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Introduction - The Movies as a Social Institution

thorp gone hollywood wind

E nding the decade on an upbeat, Hollywood proclaimed 1939 “The Greatest Year in Motion Pictures.” Only vestiges of the Depression remained, and people were flocking to the theaters. To satisfy its fans, Hollywood turned out more “classics” that year than any other in the decade. A partial list of these films arranged in the order of their release includes JESSE JAMES (20th-Fox), GUNGAD IN (RKO), MADE FOR EACH OTHER (Selznick-UA), STAGECOACH (Wanger-UA), DARK VICTORY (Warners), WUTHERING H EIGHTS (Goldwyn-UA), ONLY ANGELS HAVE WINGS (Columbia), YOUNG MR. LINCOLN (20th-Fox), THE WIZARD OF OZ (MGM), MR. SMITH GOES TO WASHINGTON (Columbia), NINOTCHKA (MGM), DESTRY RIDES AGAIN (Universal), and GONE WITH THE WIND (Selznick-MGM). The stars of these pictures included Bette Davis, Tyrone Power, Henry Fonda, Cary Grant, Carole Lombard, James Stewart, John Wayne, Merle Oberon, Laurence Olivier, Judy Garland, Jean Arthur, Greta Garbo, Marlene Dietrich, Clark Gable, and Vivien Leigh. “Taken all together,” said Larry Swindell, “the films of 1939 are the best argument for the studio system.”

GONE WITH THE WIND, the last big picture of the decade and the greatest box-office hit of the sound era, “epitomized to a remarkable degree almost every trend and taste of the 1930s.” A prestige picture produced in Technicolor by David O. Selznick, GONE WITH THE WIND cost more to make and had a longer running time than any previous American picture. Its marketing made it the first modern “event movie” and created the blockbuster syndrome, which has dominated the industry’s thinking to this day. Based on Margaret Mitchell’s Pulitizer Prize-winning classic. GONE WITH THE WIND depicts cataclysmic events of the Civil War from the perspective of a female protagonist, Scarlett O’Hara, “the most familiar fictional character in the history of womanhood.” GONE WITH THE WIND, therefore, should be more accurately classified as a prestige “woman’s picture.” That the era’s most successful production was targeted at women and employed a woman’s perspective provides a starting point for an understanding of production trends during the thirties.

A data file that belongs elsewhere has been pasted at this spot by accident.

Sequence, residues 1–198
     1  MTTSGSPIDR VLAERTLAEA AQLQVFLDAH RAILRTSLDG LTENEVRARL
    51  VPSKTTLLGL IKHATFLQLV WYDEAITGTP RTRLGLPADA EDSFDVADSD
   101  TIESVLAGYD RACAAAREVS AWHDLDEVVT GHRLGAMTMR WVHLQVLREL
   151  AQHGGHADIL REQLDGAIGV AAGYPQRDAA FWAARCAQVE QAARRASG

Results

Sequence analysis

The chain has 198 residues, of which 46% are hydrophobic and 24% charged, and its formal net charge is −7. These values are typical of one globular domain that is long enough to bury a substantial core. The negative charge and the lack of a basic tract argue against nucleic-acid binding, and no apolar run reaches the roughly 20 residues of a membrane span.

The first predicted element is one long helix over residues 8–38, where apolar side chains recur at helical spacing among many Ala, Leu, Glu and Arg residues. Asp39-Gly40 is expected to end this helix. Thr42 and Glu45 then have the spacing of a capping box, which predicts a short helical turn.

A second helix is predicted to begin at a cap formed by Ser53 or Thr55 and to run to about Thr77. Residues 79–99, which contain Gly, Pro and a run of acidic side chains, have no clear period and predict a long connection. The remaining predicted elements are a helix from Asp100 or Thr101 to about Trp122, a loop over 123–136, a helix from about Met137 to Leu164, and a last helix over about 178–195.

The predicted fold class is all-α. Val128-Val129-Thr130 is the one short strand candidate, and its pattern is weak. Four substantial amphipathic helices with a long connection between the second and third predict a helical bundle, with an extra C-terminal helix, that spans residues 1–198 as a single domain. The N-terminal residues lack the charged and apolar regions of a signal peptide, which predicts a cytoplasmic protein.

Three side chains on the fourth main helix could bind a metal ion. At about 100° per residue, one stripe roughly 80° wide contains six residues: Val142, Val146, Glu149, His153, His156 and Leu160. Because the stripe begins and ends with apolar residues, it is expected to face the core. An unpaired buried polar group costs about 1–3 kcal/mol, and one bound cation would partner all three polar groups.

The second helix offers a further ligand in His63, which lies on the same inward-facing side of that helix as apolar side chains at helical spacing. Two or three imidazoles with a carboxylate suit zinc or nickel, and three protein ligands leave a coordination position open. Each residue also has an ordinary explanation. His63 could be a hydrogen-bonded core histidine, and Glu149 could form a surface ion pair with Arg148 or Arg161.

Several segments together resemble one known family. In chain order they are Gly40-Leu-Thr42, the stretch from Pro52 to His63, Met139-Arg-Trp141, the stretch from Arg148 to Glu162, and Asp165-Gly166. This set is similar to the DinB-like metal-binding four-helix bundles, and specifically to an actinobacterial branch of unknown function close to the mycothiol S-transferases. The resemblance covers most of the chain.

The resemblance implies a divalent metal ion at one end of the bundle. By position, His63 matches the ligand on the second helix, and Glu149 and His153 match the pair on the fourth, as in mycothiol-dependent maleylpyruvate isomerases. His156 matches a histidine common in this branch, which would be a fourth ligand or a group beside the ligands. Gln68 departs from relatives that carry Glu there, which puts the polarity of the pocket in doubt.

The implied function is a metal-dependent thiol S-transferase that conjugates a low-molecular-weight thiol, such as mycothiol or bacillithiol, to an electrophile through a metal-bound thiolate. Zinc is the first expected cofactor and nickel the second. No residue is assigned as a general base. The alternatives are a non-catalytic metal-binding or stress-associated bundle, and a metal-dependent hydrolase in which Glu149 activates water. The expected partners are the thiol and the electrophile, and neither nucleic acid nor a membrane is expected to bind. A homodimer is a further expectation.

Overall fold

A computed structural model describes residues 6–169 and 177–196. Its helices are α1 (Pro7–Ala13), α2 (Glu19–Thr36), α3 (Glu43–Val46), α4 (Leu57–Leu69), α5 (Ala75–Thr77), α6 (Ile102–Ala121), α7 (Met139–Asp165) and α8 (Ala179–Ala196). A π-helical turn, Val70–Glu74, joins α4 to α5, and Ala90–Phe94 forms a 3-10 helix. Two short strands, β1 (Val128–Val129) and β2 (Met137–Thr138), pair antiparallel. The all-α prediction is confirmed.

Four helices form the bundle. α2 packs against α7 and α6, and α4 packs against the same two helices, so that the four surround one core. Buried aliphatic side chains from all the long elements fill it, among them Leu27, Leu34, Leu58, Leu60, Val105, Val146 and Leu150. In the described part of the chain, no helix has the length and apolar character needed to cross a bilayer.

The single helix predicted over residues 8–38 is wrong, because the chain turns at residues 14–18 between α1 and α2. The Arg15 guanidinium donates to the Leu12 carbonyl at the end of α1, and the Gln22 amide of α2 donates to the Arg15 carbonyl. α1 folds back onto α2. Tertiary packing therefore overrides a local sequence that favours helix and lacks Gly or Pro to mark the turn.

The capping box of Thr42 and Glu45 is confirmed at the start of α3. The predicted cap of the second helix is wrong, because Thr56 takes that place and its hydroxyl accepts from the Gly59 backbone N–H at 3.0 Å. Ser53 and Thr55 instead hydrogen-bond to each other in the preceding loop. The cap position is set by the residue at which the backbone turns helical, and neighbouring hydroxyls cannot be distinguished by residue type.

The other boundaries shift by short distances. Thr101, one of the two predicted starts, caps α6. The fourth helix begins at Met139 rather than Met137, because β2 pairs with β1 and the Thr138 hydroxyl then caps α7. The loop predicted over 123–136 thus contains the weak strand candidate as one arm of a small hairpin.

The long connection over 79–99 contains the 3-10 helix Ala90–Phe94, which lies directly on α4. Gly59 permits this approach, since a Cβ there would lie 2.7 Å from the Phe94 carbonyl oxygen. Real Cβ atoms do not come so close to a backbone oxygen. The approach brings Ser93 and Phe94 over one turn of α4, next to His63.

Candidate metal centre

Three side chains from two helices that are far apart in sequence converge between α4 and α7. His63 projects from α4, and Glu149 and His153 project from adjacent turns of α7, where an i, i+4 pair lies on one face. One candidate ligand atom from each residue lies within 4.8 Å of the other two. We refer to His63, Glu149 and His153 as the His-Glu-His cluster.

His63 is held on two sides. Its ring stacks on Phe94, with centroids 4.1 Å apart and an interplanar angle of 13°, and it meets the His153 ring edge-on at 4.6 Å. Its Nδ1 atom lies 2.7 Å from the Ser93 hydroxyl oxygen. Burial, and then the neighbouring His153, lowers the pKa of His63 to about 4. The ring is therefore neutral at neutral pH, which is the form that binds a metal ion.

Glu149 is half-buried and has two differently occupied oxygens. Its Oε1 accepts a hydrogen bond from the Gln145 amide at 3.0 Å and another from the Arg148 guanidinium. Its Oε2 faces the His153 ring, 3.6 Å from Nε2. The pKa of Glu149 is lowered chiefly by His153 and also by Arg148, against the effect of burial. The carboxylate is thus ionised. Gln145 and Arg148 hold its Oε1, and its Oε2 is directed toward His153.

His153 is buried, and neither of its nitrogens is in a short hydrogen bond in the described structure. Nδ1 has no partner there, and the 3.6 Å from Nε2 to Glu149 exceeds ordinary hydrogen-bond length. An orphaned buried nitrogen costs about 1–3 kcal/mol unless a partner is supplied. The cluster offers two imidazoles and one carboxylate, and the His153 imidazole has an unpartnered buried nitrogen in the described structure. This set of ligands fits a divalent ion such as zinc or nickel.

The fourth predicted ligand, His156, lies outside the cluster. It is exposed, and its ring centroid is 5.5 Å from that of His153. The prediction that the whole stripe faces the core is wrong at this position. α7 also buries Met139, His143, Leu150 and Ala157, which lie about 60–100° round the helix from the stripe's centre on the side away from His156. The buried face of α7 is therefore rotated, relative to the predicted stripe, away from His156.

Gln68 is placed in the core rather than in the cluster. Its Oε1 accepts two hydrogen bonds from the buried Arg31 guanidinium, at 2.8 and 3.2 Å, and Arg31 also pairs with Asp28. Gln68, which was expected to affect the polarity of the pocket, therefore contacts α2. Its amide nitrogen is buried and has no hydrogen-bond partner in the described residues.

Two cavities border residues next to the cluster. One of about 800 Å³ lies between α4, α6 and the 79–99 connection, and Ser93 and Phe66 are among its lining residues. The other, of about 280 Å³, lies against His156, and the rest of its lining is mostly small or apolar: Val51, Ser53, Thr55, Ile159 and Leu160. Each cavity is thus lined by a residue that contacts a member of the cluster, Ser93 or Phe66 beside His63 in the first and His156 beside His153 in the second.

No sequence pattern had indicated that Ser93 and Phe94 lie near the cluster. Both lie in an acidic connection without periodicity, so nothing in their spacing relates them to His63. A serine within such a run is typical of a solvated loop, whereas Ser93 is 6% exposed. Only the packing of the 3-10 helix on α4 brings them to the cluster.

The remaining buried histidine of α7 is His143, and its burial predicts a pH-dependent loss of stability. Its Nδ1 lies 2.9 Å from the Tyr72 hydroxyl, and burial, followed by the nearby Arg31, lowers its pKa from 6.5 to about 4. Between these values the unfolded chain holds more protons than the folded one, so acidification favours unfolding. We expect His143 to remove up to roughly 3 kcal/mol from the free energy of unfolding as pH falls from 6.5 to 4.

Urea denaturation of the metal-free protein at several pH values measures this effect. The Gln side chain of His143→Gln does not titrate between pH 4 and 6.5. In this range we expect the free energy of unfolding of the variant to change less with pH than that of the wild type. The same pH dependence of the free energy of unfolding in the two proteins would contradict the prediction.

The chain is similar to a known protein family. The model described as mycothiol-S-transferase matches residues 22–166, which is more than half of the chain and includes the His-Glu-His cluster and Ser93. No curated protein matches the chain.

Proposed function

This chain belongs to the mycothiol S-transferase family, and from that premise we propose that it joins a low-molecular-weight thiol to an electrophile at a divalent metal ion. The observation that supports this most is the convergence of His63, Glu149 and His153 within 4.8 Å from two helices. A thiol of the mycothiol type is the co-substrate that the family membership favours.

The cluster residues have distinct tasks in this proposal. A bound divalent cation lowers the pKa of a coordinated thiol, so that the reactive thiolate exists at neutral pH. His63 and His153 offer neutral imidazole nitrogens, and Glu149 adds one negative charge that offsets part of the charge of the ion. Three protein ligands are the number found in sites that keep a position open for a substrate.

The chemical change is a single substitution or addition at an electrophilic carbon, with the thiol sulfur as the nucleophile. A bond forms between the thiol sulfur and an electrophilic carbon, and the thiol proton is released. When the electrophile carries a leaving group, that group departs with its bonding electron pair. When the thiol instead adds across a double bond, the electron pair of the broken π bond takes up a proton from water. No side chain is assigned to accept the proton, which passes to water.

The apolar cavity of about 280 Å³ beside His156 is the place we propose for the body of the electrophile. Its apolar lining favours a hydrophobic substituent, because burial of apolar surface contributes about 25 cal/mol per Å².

The Movies as a Social Institution

The hoopla surrounding Selznick’s two-year talent search for an actress to play Scarlett O’Hara, the epic scope of the production, and the staging of its premiere in Atlanta testify to the social status of motion pictures during the thirties. Just what function did motion pictures serve in American life in the thirties? The Page 2  answer is elusive. But Margaret Thorp’s America at the Movies, which was published in 1939, provides as good an introduction as any to contemporaneous thinking about the subject. Moviegoing had become ingrained during the thirties. Thorp estimated that 85 million people went to the movies every week in seventeen thousand theaters located in more than nine thousand cities, towns, and villages. Breaking down the 85 million figure, Thorp noted that many patrons were repeaters; at most, around 40 million out of the total U.S. population of 130 million had the movie habit. The audience was primarily middle-class whites between the ages of fourteen and forty-five, the most important segment of which was the adult female—the “average citizen’s wife” who set the tone of the majority of American movies. According to Thorp, “audiences wanted to be cheered up when they went to the movies; they had no desire to see on the screen the squalor and misery of which there was all too much at home.” 3